I was mainly raised on meat and potatoes (I HATE potatoes!!) Dh was raised basically the same way. In fact, his dad hates everything and if it isn't made the perfect way he won't eat it. FIL puts ketchu on EVERYTHING!
I had decided about 8 months ago to explore different foods and such but it seems that healthier eating is more expensive. At least it was were we were living. Since dh had been unemployed for 6 months I was buying the cheapest food I could find. What I don't quite understand is why is most processed food is the cheapest. You would think it would be the food the had to do the least amount to : But now that dh has a job I'm hoping to get the ball rolling.
What foods would you suggest starting with? Where do I buy food like this? Is it more expensive?
Sometimes it's not just the food but the preperation that makes a huge difference. Take a piece of fish, say a nice cod filet. You steam it, serve it with some rice and a nice veggie, season with some herbs, maybe ginger and soy sauce... a great, healthy meal. Take the same piece of fish, dredge it in eggs, seasoned breadcrumbs, and fry it, serve it with french fries and you have doubled or quadrupled the fat and reduced the nutrients.
The cost issue with processed vs fresh has to do with care of handling and transportation. Take, for example a humble roma tomato. Two actually. One is picked carefully so as not to bruise the fruit or tear it near the stem which will cause it to spoil quickly. It is packed just so to prevent squishing and is shipped very quickly (at significant expense) to your local store to go in your salad or homemade sauce.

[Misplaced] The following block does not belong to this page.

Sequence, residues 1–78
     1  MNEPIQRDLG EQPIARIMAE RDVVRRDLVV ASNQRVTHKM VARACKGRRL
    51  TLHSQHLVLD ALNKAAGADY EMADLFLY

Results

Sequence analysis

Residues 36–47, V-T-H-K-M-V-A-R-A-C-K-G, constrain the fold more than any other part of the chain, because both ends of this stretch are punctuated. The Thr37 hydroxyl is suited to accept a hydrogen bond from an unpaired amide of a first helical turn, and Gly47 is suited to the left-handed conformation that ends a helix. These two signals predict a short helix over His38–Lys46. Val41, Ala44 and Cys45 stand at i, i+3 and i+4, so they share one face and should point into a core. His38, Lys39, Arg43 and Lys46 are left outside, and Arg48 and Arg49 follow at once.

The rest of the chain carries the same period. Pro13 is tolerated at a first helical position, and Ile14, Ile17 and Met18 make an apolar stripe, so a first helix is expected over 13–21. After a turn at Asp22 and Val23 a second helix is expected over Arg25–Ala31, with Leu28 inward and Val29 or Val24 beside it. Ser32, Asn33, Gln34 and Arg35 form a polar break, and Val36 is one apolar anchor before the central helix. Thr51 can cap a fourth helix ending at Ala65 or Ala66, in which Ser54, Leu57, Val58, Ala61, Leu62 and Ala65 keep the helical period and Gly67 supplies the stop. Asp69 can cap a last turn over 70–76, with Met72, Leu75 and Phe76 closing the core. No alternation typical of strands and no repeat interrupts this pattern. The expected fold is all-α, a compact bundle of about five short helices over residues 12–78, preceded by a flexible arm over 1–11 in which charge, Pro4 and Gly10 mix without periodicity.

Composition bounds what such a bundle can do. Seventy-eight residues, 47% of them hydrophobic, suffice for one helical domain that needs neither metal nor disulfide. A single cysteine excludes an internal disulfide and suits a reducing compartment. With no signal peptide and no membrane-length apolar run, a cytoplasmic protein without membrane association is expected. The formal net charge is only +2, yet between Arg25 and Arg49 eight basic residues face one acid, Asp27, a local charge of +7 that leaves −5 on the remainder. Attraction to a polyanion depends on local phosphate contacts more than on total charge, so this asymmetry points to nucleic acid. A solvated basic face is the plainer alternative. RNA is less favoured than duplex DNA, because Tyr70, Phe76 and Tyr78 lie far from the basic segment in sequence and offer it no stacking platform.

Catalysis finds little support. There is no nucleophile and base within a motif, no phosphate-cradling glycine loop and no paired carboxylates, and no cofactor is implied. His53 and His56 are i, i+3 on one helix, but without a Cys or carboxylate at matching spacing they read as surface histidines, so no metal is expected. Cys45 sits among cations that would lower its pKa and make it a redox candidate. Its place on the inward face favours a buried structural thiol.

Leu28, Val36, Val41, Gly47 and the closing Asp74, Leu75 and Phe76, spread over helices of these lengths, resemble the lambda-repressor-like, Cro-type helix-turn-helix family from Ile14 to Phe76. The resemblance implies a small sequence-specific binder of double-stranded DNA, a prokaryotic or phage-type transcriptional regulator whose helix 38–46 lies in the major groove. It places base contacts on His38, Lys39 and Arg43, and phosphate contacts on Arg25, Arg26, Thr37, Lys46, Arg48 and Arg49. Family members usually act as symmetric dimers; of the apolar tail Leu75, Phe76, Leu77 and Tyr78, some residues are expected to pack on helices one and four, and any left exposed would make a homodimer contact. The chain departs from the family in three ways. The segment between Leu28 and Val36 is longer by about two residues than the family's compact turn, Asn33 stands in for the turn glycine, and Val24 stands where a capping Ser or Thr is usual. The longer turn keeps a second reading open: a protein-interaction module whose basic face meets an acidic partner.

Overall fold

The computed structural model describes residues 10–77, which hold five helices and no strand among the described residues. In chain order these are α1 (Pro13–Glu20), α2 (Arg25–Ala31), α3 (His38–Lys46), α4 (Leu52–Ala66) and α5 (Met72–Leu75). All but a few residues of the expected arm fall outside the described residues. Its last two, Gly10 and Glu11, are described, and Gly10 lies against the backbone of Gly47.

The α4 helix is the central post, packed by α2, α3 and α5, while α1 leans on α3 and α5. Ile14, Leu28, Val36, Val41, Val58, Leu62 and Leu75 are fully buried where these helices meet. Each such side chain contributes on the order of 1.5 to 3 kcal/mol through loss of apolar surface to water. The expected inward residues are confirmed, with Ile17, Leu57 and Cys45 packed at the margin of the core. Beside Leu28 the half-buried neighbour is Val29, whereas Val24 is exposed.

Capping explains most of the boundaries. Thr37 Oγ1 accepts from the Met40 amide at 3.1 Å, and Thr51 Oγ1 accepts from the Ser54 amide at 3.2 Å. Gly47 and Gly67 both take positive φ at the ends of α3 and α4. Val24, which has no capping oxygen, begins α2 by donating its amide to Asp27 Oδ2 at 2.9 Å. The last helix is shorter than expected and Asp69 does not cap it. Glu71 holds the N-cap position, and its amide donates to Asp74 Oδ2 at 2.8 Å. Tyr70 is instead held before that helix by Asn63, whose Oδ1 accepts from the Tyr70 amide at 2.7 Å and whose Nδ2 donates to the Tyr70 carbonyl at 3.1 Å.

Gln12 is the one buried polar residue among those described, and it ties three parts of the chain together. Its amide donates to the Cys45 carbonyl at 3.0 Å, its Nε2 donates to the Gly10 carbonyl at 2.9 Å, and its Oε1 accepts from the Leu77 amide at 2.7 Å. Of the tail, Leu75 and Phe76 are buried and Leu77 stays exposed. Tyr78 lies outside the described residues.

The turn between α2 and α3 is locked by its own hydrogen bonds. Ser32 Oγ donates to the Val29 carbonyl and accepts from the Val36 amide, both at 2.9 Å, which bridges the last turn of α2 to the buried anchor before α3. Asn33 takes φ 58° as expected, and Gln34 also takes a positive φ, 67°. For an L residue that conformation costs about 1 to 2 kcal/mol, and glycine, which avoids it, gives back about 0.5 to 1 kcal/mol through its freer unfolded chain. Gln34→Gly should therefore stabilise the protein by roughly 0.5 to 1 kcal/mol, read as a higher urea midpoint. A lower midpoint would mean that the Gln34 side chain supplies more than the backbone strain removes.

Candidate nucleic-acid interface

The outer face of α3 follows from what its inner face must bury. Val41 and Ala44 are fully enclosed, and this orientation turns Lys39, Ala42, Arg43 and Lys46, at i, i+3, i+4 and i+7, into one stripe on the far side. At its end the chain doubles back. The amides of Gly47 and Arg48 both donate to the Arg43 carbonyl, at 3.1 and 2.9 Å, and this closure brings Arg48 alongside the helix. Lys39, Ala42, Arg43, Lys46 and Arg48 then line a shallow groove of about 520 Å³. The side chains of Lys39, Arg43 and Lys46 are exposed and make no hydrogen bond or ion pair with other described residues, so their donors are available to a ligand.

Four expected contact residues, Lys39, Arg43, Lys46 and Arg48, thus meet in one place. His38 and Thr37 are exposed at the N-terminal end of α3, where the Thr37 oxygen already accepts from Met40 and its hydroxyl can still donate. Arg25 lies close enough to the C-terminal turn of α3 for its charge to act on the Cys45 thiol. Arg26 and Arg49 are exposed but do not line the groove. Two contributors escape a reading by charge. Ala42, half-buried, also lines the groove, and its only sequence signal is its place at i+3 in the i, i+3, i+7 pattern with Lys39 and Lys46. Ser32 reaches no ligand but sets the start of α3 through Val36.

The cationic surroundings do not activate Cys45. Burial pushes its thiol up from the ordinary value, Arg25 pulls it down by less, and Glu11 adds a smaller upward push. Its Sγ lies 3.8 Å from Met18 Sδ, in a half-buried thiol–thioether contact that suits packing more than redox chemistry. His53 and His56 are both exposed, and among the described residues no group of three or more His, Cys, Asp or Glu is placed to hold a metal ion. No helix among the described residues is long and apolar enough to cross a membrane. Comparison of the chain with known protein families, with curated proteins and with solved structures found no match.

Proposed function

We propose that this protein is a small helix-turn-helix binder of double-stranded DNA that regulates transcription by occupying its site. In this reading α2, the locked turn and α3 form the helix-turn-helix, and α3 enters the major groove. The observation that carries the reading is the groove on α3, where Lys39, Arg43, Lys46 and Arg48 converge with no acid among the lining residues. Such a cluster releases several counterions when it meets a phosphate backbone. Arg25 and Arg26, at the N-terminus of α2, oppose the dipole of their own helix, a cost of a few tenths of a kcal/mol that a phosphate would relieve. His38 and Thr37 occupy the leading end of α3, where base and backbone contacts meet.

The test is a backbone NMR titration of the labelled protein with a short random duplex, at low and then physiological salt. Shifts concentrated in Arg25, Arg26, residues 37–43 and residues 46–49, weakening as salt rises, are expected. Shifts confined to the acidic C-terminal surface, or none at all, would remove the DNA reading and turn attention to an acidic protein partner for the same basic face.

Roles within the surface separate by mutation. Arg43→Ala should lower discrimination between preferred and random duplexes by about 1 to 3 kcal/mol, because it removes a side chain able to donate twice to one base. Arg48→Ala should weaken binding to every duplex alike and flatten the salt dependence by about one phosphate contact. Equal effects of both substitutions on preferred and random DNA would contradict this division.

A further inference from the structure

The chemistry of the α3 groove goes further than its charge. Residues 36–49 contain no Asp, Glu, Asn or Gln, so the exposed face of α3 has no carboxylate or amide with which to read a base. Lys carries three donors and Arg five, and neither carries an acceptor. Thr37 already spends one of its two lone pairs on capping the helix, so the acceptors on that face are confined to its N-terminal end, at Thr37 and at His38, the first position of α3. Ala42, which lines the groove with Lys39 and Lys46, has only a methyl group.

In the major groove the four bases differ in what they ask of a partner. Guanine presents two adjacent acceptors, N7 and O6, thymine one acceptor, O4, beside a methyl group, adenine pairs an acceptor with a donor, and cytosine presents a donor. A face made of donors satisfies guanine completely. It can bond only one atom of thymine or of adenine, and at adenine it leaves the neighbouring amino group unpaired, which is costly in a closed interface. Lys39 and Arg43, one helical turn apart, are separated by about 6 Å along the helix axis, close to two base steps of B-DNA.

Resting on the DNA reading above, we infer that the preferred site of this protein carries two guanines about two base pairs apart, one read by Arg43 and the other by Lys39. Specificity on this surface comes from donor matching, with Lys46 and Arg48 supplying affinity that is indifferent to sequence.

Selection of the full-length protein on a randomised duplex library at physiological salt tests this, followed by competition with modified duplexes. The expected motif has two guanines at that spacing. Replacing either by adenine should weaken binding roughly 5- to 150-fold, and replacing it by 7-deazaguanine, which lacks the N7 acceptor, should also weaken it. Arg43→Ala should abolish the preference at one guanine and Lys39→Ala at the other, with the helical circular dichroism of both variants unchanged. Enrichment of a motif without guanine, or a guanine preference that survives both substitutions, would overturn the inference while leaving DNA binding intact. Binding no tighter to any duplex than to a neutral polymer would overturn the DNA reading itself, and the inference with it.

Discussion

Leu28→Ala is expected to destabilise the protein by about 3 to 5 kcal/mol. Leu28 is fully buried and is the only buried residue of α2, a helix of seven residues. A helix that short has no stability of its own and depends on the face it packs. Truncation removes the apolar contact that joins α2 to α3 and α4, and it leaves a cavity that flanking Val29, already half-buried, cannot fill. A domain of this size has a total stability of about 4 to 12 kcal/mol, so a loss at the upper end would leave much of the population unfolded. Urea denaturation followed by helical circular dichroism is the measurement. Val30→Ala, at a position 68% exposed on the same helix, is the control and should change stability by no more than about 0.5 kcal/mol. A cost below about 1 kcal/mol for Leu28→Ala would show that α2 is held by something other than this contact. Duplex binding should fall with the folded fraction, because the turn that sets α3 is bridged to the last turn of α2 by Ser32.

The other tomato is picked with less care. It might even be done by machine. No one who cares will ever see it whole. It is taken to a plant with thousands of it's neighbors and pulverised, seasoned, preserved and sealed in a jar. It is now a stable product for the next year or so. Cases of it can be stacked quite high. It is cheaper to ship since the rail companies and trucks know it won't spoil, so they can shuffle it around until it is convenient to send to your store. Plus, virtually every jar shipped out will be sold for money to a consumer. Many of the fresh toms will go bad somewhere along the line and be culled out and thrown away, which drives up costs even more.
Look for big packages of healthy foods; they're usually a better deal, but check price-per-ounce (many stores put it on the shelf tag) to make sure. When you get it home, divide it among several resealable containers so that you have one to use and one or more to put away for later. Try to find a space in your home where you can store extra food and won't lose track of what you have. That way you'll have enough space to stock up when there's a good price.
If you can find time to cook dried beans (they don't take a lot of attention; you just have to be willing to stay home for a couple of hours to keep an eye on them) they are really cheap and a great healthy protein source. Even canned beans are pretty cheap--50c buys two meals' worth. Rinse cooked or fresh-from-the-can beans to remove the gas-causing stuff.